Red flags for the differential diagnosis of granulomatous ma
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Granulomatous mastitis (GM) is a rare benign chronic inflammatory breast disease. GM presents as a heterogeneous illness with variable clinical presentations, and its diagnosis is usually made by exclusion. There are no guidelines for the treatment of GM. This manuscript describes the management of a patient with GM, initially unsuccessfully treated outside our clinic under a diagnosis of mastitis. The patient’s history, physical examination, and needle biopsy flagged the patient’s findings as nonmalignant; however, imaging studies indicated a tumor. Differential diagnosis became a critical element of her care. This case report represents a valuable resource to foster more assertive clinical practice in managing patients with GM.

A 41-year-old G1P1 female immigrant from Central America presented with rare breast disease, granulomatous mastitis. A similar presentation occurred 5 years before pregnancy when she had an episode of pain and swelling in the left breast, which resolved spontaneously. She sought our services after being diagnosed with mastitis that was unsuccessfully treated. Physical examination revealed a nodular mass in the outer quadrants of the left breast without regional lymphadenopathy. Needle biopsy showed fibrohistiocytic and florid inflammatory reactions, with no evidence of invasive carcinoma. However, this result was inconsistent with the degree of abnormality revealed by the mammogram (BI-RADS grade 5), ultrasound, and physical examination. Full incisional biopsy revealed cystic neutrophilic GM. The surgical procedure, antibiotics, and corticosteroids resulted in a successful combination to secure the stable control of the symptoms and progression of this rare benign breast disease to date.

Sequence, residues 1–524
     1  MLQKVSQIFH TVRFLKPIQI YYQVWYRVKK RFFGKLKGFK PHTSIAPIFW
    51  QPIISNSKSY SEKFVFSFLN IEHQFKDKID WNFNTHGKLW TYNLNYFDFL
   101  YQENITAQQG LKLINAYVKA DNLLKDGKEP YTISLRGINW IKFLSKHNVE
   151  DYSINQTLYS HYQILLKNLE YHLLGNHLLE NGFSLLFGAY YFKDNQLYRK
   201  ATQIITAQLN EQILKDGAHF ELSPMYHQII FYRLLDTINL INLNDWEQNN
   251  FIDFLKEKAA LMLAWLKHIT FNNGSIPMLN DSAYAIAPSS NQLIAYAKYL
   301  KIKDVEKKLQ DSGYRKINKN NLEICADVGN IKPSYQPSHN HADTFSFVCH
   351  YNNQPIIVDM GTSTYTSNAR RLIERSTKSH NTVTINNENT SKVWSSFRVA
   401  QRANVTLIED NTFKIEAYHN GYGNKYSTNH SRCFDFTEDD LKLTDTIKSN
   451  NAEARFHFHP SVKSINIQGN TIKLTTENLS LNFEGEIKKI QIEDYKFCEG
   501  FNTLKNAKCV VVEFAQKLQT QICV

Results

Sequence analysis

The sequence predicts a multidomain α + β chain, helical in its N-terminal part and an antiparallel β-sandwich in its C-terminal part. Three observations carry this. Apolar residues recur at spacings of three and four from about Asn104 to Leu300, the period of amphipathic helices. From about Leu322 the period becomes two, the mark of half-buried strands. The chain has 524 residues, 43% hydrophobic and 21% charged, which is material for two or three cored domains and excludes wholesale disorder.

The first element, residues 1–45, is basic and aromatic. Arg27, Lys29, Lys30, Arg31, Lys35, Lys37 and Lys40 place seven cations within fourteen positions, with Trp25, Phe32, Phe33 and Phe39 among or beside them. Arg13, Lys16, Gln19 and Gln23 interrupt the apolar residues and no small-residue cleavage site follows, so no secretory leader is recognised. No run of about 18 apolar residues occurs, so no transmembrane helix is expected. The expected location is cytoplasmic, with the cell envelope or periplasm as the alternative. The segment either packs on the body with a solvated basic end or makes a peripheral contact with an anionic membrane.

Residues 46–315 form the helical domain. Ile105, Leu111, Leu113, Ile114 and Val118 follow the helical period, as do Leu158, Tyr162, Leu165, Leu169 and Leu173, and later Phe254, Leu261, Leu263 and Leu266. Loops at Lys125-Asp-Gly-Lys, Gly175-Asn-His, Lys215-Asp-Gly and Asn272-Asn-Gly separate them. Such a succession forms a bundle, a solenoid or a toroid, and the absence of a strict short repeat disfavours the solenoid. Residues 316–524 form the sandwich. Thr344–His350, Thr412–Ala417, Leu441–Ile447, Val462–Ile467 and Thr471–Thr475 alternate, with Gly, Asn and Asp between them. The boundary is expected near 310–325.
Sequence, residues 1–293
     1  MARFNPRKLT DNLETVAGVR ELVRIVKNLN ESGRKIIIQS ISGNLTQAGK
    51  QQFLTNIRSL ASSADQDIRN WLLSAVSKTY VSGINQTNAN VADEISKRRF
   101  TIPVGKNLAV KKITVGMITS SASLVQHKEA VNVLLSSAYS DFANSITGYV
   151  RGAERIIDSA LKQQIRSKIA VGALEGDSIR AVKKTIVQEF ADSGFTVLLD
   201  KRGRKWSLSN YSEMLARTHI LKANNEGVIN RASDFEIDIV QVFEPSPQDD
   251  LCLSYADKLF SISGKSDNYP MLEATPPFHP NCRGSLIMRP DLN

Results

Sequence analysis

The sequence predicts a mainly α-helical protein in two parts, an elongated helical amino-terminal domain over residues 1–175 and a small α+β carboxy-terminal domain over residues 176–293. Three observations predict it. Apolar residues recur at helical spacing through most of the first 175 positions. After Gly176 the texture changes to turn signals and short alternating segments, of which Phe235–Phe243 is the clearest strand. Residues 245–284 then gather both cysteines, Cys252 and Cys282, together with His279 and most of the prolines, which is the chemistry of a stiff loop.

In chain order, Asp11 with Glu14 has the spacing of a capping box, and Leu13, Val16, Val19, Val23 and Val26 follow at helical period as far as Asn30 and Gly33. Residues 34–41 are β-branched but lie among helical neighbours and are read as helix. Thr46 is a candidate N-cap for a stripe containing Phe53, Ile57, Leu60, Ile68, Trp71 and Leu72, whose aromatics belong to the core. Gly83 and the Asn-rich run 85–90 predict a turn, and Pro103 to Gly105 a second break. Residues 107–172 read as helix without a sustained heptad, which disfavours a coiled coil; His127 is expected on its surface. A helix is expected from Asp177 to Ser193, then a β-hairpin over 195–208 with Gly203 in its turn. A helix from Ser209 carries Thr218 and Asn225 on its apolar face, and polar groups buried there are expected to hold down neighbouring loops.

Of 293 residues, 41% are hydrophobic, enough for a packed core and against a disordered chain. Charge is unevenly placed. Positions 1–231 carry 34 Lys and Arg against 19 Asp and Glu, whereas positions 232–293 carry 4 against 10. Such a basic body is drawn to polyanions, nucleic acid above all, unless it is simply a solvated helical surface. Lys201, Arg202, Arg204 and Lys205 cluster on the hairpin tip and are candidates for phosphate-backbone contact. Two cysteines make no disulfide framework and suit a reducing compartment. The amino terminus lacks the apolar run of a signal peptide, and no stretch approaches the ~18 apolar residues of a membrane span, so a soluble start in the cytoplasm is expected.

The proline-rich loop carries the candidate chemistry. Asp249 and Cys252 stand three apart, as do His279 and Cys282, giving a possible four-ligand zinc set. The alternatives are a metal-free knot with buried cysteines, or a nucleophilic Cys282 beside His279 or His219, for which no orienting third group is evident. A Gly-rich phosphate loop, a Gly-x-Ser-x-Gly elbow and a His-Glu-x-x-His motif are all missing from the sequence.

This patient’s case highlights the importance of integrated communication among front-line primary care and other health care professionals to reduce the risk of invasive procedures and avoid institutional costs. GM is a rare disease. The author raised the manifold red flags in which the multiple professional chains recruited to care for this patient were concerning for advanced breast cancer. The lack of experience and evidence-based medicine contributed to the contradictory interpretation of the findings on GM's diagnosis.